Day one on the Pro Farmer Midwest Crop Tour had our route heading out of Columbus OH almost due west through the counties of Madison, Champaign, Shelby and Darke. Our scouting crew consisted of Zhuo Qi Liu and Chonhui Gao of Dalian in China, Ted Seifried of Zaner Ag Hedge in Chicago IL. Another first day out with a very diverse group of individuals.
Our route was a split route today in OH as we pulled 10 samples between Columbus and the Indiana border. The samples in OH came from crop reporting districts 4 and 5. Starting with the corn, we saw a crop that at one point had tremendous potential, only to be cut short by excess water issues in places. In other places, much of that potential was realized. The low sample came from the first one we pulled at 120 bu./acre. Seeing the way it was tipped back, we wondered at that point if that was an omen. Apparently not. The next sample we pulled came in at 212 bu. /acre. Our highest yielding sample for the day though came from Champaign Co. at 240 bu./ acre. Our route average was 171 bu./acre. Weed control was generally good and disease pressure was typically low. Gray leaf spot and Northern corn leaf blight were present in the fields we sampled although it wasn’t present in sufficient amounts to impact yields significantly. Insects in those same fields were nearly nonexistent with only slight evidence of some corn earworm activity. We also encountered one field of extremely tall corn with high ear placement that had a significant amount of brittle snap.
The soybean samples also came from the same counties and crop reporting districts. Our highest 3’x3’ pod counts came from Champaign Co. with 2429 pods and the low also in Champaign Co. in the very next sample at 705. Our route average for the day was 1344. One oddity noted on our route and several others, where we found good corn yields the soybean pod counts were generally poorer. Disease pressure was very light although we did pick up one field with white mold present in it in Darke Co. The soybeans weren’t particularly tall and rank. However, the sample was pulled near a large livestock operation, making one suspect there was a high yield environment present which may have placed the field at higher risk. Insect pressure was also very light with no soybean aphid pressure or evidence of Japanese beetles. Once again, soil moisture will be a key factor in determining the fate of the soybean yields on our route, much the same as it will on many of the routes today. As we moved west, it became increasingly drier after starting out getting mud on our shoes. In the areas that don’t receive significant rainfall soon maintaining the small pods we counted today will become increasingly difficult.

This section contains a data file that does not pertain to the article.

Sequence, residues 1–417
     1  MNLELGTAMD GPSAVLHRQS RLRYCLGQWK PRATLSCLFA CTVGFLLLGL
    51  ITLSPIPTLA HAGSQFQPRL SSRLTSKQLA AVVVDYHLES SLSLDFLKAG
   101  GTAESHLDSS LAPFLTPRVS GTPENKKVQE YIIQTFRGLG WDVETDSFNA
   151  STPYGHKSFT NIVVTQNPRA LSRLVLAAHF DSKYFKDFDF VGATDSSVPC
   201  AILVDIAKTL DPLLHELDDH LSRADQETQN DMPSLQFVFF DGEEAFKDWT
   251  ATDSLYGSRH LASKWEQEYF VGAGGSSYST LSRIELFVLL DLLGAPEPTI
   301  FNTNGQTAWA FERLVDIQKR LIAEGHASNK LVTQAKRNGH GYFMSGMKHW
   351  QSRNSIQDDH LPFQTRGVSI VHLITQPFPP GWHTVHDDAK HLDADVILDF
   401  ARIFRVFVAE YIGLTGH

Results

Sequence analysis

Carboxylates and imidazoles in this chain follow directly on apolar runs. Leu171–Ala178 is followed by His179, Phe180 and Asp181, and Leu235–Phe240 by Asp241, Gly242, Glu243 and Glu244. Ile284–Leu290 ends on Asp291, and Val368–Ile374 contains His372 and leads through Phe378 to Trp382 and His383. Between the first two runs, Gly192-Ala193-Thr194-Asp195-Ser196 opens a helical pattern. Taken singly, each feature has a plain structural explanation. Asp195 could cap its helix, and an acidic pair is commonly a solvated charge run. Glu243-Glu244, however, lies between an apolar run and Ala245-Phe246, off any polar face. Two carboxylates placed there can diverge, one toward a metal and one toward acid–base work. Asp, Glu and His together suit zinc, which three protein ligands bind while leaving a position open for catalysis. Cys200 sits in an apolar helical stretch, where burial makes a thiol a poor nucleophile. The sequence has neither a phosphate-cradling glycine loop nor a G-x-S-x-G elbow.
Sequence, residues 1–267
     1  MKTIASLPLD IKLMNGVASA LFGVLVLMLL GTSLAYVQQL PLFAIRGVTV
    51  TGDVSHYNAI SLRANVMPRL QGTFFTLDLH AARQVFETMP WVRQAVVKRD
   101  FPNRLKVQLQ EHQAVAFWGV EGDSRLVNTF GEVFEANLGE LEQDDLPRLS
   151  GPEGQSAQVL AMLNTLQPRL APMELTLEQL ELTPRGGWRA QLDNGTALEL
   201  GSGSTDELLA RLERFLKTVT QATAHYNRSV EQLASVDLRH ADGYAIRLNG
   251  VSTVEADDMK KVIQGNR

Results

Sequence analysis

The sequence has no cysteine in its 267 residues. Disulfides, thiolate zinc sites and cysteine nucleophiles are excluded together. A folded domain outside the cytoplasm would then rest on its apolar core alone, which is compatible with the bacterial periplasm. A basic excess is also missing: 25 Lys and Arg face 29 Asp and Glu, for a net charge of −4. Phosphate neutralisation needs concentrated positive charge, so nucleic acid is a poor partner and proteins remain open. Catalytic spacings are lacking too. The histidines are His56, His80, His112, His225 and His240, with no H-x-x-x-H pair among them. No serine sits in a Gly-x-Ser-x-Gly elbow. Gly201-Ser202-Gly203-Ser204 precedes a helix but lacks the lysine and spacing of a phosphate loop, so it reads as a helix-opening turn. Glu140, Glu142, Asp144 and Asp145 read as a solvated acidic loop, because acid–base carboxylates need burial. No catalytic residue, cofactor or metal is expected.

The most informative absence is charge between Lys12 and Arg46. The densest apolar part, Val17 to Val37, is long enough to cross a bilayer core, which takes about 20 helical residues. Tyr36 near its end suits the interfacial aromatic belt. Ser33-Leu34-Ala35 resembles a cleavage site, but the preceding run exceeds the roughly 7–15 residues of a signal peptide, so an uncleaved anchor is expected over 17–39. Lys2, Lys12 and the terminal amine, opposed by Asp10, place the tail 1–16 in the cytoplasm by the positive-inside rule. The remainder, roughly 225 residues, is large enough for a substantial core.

Did the Ohio corn crop live up to my expectations? The corn on our route was about what I would’ve expected: Extremely variable with dramatic differences within relatively short distances. Watching reports on Twitter, looking at rainfall totals in the Midwest and reading crop condition reports elsewhere ahead of time, the crop rebounded overall from a rather difficult start in many cases. Other routes reported similar numbers and variability. Likewise with the soybeans on our route. Unlike last year, substantial rains had yet to reach much of the area in OH we sampled.
The last half of IN is on the slate for tomorrow as well as the first half of IL. Looking at the crop out the window is one thing. Getting out and measuring it first hand is another. That’s why we’re out here.